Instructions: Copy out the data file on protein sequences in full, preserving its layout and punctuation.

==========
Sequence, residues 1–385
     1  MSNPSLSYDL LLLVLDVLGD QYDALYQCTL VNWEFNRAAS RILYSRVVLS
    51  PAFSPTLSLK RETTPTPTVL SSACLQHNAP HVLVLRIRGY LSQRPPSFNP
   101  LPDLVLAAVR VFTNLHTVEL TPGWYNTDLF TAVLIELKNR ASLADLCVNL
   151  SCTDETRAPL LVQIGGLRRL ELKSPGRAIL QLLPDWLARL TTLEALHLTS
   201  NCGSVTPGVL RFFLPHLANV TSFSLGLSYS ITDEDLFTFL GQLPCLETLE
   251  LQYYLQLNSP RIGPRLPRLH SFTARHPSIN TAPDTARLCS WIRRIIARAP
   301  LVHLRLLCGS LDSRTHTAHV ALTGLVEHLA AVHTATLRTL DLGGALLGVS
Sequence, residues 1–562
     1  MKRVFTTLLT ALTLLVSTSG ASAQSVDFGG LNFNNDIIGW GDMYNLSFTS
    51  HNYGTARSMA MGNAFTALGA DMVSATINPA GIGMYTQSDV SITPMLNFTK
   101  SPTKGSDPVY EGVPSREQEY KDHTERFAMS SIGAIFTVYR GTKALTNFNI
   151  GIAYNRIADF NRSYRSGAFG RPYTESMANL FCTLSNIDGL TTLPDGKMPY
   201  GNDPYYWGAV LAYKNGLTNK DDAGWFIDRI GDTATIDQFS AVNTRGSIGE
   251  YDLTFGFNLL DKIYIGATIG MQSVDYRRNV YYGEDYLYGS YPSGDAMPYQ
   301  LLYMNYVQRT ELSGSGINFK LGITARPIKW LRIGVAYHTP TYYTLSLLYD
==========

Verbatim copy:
Sequence, residues 1–385
     1  MSNPSLSYDL LLLVLDVLGD QYDALYQCTL VNWEFNRAAS RILYSRVVLS
    51  PAFSPTLSLK RETTPTPTVL SSACLQHNAP HVLVLRIRGY LSQRPPSFNP
   101  LPDLVLAAVR VFTNLHTVEL TPGWYNTDLF TAVLIELKNR ASLADLCVNL
   151  SCTDETRAPL LVQIGGLRRL ELKSPGRAIL QLLPDWLARL TTLEALHLTS
   201  NCGSVTPGVL RFFLPHLANV TSFSLGLSYS ITDEDLFTFL GQLPCLETLE
   251  LQYYLQLNSP RIGPRLPRLH SFTARHPSIN TAPDTARLCS WIRRIIARAP
   301  LVHLRLLCGS LDSRTHTAHV ALTGLVEHLA AVHTATLRTL DLGGALLGVS
Sequence, residues 1–562
     1  MKRVFTTLLT ALTLLVSTSG ASAQSVDFGG LNFNNDIIGW GDMYNLSFTS
    51  HNYGTARSMA MGNAFTALGA DMVSATINPA GIGMYTQSDV SITPMLNFTK
   101  SPTKGSDPVY EGVPSREQEY KDHTERFAMS SIGAIFTVYR GTKALTNFNI
   151  GIAYNRIADF NRSYRSGAFG RPYTESMANL FCTLSNIDGL TTLPDGKMPY
   201  GNDPYYWGAV LAYKNGLTNK DDAGWFIDRI GDTATIDQFS AVNTRGSIGE
   251  YDLTFGFNLL DKIYIGATIG MQSVDYRRNV YYGEDYLYGS YPSGDAMPYQ
   301  LLYMNYVQRT ELSGSGINFK LGITARPIKW LRIGVAYHTP TYYTLSLLYD